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COBRA Premium Assistance Requirements for Exempt Employers

On April 7, 2021, the United States Department of Labor (“DOL”) issued guidance interpreting the premium assistance requirements for employers providing group health plan continuation coverage under the Consolidated Omnibus Budget Reconciliation Act of 1985, as amended (“COBRA”). On May 18, 2021, Treasury and the IRS published Notice 2021-31 containing interpretive tax guidance for COBRA premium assistance, including the employment tax credit available for sponsoring employers. COBRA was further amended on March 11, 2021 by the American Rescue Plan Act of 2021 (“ARPA”) to assist employees who lost health insurance coverage amid the Covid-19 pandemic.

 

COBRA requirements are set forth in the Internal Revenue Code of 1986, as amended (“Code”), the Employee Retirement Income Security Act of 1974, as amended (“ERISA”), and the Public Health Service Act of 1944, as amended (“PHSA”). The April 7 Frequently Asked Questions follow Disaster Relief Notice 2021-01, issued by DOL with concurrence from the Treasury on February 26, 2021, and prior joint department guidance, which extended certain periods and dates for group health plans to comply with Code section 4980B continuation coverage requirements as the result of the Covid pandemic.

 

Thus. the DOL, the IRS and the Department of Health and Human Services (“HHS”) share jurisdiction over group health plan administration and compliance with COBRA. Whereas DOL has interpretive authority over notice and disclosure requirements, the IRS is authorized to issue regulations defining the required continuation coverage. HHS is authorized to interpret COBRA as it applies to state and local government plan sponsors, in conformity with DOL and IRS rules.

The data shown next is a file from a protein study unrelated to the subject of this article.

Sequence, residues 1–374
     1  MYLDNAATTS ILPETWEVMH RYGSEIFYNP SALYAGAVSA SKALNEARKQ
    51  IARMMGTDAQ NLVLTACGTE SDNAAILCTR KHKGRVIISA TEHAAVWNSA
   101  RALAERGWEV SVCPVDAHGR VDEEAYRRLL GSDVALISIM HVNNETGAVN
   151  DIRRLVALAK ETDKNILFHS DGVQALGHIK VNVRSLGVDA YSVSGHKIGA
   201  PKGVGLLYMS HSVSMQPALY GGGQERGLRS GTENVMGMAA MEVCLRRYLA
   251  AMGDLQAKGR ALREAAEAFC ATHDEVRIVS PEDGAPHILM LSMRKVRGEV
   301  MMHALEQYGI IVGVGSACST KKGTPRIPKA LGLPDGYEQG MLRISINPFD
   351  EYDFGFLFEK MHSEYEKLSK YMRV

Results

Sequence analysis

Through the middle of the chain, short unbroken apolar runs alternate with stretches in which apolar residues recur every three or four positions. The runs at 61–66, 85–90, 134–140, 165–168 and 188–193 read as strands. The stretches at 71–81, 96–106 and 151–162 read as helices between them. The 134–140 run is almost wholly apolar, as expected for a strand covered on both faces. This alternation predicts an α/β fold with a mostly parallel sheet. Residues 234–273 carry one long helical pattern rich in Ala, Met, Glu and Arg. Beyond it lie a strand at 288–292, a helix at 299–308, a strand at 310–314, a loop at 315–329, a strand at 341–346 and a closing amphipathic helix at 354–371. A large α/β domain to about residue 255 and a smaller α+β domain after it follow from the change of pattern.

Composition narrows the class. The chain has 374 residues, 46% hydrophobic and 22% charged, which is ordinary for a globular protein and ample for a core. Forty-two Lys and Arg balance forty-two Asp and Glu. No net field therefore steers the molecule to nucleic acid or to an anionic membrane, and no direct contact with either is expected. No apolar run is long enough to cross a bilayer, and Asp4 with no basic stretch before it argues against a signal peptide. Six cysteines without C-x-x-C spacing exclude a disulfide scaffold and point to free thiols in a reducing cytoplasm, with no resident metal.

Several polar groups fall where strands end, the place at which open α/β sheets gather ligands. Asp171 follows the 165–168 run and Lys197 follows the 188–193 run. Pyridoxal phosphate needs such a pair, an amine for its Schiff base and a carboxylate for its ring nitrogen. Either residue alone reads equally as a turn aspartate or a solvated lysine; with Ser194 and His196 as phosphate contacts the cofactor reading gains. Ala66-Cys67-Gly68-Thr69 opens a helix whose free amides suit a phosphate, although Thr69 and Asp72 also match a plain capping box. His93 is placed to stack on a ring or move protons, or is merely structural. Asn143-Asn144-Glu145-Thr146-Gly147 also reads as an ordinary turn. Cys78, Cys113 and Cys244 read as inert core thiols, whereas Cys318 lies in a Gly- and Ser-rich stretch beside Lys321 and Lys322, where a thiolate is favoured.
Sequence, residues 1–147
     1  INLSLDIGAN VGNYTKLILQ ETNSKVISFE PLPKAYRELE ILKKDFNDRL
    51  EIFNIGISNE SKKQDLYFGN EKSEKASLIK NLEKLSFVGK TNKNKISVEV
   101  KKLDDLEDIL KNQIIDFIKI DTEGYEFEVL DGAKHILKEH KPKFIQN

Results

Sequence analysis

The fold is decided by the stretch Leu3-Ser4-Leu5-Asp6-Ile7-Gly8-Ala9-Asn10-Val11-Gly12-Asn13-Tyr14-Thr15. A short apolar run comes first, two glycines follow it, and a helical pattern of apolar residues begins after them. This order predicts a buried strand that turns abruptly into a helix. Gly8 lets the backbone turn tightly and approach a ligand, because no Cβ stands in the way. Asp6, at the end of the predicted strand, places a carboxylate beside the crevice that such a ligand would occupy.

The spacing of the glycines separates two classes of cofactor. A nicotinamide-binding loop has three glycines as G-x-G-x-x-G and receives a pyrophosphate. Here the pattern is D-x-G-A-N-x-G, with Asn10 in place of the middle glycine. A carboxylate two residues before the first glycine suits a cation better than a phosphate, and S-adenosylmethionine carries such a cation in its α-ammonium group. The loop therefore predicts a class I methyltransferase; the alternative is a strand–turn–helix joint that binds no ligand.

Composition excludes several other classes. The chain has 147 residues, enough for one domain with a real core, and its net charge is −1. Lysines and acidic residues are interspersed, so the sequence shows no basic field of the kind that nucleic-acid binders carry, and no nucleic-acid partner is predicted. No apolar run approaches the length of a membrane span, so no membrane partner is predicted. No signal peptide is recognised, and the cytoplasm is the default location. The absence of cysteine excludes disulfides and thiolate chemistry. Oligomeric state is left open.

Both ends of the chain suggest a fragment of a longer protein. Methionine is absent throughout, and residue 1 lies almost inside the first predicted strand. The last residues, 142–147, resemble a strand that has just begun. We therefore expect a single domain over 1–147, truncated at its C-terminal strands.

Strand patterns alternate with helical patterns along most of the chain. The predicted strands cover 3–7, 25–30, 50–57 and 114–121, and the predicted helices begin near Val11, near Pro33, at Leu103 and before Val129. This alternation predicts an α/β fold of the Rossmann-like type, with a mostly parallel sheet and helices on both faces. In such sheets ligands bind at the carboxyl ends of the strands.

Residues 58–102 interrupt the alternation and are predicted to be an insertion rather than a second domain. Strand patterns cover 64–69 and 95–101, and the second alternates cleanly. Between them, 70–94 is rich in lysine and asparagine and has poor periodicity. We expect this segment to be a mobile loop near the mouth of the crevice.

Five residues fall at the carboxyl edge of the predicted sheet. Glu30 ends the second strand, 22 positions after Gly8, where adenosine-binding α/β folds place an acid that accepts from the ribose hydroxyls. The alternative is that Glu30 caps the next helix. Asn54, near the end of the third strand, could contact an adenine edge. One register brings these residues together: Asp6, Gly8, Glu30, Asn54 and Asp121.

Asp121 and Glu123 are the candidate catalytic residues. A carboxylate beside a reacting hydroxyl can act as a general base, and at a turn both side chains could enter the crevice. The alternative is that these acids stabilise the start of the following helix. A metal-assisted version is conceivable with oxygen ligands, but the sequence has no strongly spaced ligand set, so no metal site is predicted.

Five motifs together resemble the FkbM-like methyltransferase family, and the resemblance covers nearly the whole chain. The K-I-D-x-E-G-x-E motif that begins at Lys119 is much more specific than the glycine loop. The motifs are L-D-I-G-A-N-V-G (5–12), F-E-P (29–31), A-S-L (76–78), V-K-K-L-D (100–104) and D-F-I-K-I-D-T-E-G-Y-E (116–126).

ARPA section 9501(a) provides that assistance eligible individuals, who generally are former employees or employees with reduced hours enrolled in a group health plan offered by a plan sponsor, are exempt from paying monthly premiums for COBRA continuation coverage during the premium assistance period. The continued coverage premium amounts are not payable by employee to employer or insurer.

 

Instead, ARPA section 9501(b)(1) provides an employment tax credit (premium assistance credit or “PAC”) for payments of premiums under extended COBRA coverage provided to terminated employees under a group health plan from April 1, 2021 through September 30, 2021 (the “premium assistance period”). Terminated employees who receive premium assistance exclude the amounts of premiums that are paid by employer from gross income. The income exclusion provisions are effective for taxable years of employees ending after March 11, 2021, the date of the enactment of ARPA.

 

On April 7, DOL published extensive guidance and model notices for employers providing premium credit assistance. Generally, not all employers sponsoring group health plans must offer COBRA coverage. COBRA exempts generally employers with fewer than twenty full-time employees, as well as certain religious organizations and their affiliates. However, ARPA rules apply to insured group health plans maintained by small employers and other exempt employers subject to State “mini-COBRA” laws discussed further below.